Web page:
Although I’ve summarized all three types of knowledge, I want to focus the rest of this article on knowledge by acquaintance. This sort of knowledge is knowledge by simple seeing — when one directly experiences something.
One can think of a tree, God, or whether or not one is angry, but these are all different from directly being aware of the tree, God, or one’s inner state of anger. Knowledge by acquaintance is an important foundation for all knowledge. Also, in an important sense, experience or direct awareness of reality is the basis for everything we know.
One should not limit what one can see or directly be aware of to the five senses. One can also be directly aware of one’s own soul and inner states of thoughts, feelings, desires, beliefs and so forth by introspective awareness of one’s inner life. One can be directly aware of God and His presence in religious experience, of His speaking to one in guidance, or of the Spirit’s testimony to various things. From Plato to the present, many philosophers have believed (correctly in my view) in what is called rational awareness — the soul’s ability to directly be aware of aesthetic and moral values, numbers and the laws of mathematics, the laws of logic, and various abstract objects such as humanness and wisdom. See Romans 1 in which Paul talks about God’s nature being clearly seen so that all are without excuse.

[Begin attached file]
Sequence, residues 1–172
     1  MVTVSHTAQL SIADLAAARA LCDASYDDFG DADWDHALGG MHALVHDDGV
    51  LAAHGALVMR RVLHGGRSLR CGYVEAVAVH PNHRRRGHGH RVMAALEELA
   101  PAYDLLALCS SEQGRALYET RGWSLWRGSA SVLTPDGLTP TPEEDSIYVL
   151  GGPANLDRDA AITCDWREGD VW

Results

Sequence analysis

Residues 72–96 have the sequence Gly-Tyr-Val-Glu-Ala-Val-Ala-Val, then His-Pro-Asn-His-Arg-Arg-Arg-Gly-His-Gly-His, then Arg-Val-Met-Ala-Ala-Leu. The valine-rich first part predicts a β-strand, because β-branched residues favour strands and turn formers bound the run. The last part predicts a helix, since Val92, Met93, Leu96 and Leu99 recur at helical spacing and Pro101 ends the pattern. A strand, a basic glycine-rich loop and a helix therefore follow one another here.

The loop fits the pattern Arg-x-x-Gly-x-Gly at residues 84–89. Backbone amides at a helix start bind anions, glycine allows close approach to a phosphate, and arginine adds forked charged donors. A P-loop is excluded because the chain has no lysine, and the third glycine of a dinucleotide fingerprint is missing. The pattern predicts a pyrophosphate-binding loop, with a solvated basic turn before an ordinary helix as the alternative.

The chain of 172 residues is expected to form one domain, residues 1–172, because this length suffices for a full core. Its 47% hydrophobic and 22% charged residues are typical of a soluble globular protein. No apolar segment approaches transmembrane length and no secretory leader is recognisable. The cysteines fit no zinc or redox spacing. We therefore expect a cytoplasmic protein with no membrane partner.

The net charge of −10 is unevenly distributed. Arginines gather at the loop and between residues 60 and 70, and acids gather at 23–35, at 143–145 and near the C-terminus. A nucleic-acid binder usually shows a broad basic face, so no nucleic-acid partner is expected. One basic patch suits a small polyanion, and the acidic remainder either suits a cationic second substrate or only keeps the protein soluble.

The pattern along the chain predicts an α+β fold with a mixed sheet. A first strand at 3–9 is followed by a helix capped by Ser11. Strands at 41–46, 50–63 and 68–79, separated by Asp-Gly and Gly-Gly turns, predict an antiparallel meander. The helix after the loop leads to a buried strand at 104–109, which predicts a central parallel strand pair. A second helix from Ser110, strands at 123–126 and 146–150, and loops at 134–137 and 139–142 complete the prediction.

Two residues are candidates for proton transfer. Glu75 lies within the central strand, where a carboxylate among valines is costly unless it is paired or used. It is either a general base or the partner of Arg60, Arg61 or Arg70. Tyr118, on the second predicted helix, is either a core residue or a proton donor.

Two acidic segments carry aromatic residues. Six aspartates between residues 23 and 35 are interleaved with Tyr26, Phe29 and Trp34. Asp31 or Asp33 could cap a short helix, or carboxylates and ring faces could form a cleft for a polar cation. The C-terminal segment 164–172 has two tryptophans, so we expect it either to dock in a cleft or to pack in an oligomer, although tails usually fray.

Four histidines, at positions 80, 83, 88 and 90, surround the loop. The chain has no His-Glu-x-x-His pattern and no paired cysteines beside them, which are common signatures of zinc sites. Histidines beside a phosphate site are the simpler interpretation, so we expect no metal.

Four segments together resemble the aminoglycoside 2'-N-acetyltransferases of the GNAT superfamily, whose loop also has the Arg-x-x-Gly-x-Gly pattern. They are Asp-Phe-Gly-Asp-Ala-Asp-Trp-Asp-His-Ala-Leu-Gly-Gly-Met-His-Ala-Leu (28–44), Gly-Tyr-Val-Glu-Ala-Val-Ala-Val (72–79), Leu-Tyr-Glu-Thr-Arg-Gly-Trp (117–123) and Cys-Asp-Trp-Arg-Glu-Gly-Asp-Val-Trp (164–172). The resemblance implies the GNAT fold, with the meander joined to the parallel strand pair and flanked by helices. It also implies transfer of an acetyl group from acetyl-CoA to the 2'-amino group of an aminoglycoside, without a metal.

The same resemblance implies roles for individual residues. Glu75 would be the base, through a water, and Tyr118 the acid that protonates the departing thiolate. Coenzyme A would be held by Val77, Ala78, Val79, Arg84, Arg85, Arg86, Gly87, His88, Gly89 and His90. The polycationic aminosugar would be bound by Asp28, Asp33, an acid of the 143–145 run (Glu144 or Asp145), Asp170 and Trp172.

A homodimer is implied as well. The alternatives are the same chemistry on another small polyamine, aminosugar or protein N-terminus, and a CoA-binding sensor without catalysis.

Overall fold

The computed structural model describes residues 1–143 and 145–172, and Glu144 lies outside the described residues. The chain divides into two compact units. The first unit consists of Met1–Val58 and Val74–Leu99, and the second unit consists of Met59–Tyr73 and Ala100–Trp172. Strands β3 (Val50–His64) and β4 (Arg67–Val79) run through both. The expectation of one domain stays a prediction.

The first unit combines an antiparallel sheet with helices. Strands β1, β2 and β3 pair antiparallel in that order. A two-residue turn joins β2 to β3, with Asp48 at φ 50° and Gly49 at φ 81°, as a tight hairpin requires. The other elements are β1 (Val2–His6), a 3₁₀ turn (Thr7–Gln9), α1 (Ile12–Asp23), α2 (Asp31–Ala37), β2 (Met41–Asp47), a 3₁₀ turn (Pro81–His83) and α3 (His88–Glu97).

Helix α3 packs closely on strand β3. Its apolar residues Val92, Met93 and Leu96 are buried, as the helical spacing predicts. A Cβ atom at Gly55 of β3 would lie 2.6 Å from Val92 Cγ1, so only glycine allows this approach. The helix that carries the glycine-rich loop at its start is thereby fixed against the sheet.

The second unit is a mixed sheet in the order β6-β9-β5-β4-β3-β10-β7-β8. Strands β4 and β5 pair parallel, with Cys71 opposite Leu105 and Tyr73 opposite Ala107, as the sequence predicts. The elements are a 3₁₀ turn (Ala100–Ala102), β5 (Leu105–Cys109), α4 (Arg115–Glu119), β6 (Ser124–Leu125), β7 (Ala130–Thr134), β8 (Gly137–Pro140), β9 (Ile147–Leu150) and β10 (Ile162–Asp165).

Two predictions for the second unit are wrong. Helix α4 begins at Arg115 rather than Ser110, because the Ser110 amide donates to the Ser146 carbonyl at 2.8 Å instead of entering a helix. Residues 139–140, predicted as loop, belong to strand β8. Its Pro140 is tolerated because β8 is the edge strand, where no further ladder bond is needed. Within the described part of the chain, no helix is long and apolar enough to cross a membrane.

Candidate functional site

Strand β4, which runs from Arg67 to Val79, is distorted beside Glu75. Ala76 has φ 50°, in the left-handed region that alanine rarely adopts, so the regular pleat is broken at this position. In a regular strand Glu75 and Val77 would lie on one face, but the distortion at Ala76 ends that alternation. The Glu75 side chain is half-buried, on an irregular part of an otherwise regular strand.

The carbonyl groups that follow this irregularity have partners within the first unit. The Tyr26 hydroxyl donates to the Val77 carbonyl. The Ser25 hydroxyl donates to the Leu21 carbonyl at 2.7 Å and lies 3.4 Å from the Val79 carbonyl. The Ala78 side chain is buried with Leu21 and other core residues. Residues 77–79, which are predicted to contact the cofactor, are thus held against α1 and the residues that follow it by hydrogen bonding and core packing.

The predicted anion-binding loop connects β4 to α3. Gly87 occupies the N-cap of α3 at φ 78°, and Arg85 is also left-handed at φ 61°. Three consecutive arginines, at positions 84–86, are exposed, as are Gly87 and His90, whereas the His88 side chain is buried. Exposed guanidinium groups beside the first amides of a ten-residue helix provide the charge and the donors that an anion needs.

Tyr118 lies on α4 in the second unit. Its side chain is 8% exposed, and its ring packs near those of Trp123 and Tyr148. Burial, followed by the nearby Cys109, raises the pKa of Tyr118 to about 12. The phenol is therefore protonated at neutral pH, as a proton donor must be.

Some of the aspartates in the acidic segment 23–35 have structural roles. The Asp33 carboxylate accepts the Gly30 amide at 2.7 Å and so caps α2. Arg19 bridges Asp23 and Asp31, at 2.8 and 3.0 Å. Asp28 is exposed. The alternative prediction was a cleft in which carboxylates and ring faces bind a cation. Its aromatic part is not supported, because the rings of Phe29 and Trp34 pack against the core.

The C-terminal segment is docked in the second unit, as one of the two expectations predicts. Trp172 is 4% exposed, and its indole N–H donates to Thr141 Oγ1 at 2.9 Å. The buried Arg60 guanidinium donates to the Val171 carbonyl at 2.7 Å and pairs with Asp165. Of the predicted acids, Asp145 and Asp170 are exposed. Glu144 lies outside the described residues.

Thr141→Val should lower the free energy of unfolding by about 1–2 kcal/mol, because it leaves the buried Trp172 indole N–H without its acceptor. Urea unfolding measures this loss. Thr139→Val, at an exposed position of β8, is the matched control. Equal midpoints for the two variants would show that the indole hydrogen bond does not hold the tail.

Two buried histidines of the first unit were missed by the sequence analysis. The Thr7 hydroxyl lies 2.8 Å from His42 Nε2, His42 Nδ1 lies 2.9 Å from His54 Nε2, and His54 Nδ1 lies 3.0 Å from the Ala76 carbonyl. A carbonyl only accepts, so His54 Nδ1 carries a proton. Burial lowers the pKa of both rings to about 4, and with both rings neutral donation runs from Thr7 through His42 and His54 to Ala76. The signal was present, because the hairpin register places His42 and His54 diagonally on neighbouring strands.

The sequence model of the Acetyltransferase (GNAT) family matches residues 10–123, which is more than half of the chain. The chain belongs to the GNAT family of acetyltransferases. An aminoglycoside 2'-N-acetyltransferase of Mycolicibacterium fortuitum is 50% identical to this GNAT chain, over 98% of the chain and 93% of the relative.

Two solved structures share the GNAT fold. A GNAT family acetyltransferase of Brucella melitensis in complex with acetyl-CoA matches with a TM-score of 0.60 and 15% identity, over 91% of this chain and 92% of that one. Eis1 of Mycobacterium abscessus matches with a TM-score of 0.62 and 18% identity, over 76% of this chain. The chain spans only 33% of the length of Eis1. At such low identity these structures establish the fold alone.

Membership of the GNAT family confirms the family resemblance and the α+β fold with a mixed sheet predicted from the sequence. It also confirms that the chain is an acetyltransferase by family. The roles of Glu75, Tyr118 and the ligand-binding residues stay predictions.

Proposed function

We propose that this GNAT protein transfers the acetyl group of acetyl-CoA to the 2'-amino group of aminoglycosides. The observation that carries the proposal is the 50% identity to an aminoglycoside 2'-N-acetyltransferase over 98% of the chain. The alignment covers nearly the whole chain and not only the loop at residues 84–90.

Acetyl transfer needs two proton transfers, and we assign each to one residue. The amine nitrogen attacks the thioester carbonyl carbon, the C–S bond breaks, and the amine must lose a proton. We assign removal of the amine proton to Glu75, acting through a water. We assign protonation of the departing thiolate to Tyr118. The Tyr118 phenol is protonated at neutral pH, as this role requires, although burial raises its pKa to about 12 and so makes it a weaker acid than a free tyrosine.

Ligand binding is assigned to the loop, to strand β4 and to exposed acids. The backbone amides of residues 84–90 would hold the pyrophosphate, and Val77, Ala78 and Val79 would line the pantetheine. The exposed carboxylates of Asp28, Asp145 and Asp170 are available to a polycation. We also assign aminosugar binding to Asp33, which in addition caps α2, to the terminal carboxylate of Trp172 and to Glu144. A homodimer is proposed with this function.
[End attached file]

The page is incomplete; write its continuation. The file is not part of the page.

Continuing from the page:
The important thing to note is that we humans have the power to “see” — to be directly aware of, to directly experience — a wide range of things, many of which are not subject to sensory awareness with the five senses.
Seeing As and Seeing That
To “simply see” an apple is to be directly aware of it. To see something as an apple requires that one has acquired the concept of being an apple (perhaps from repeated exposure to simply seeing apples) and applies it to the object before oneself.
To see that an object is an apple, one must have the entire thought in one’s mind, “The object before me is an apple” and judge that the object genuinely corresponds to that thought.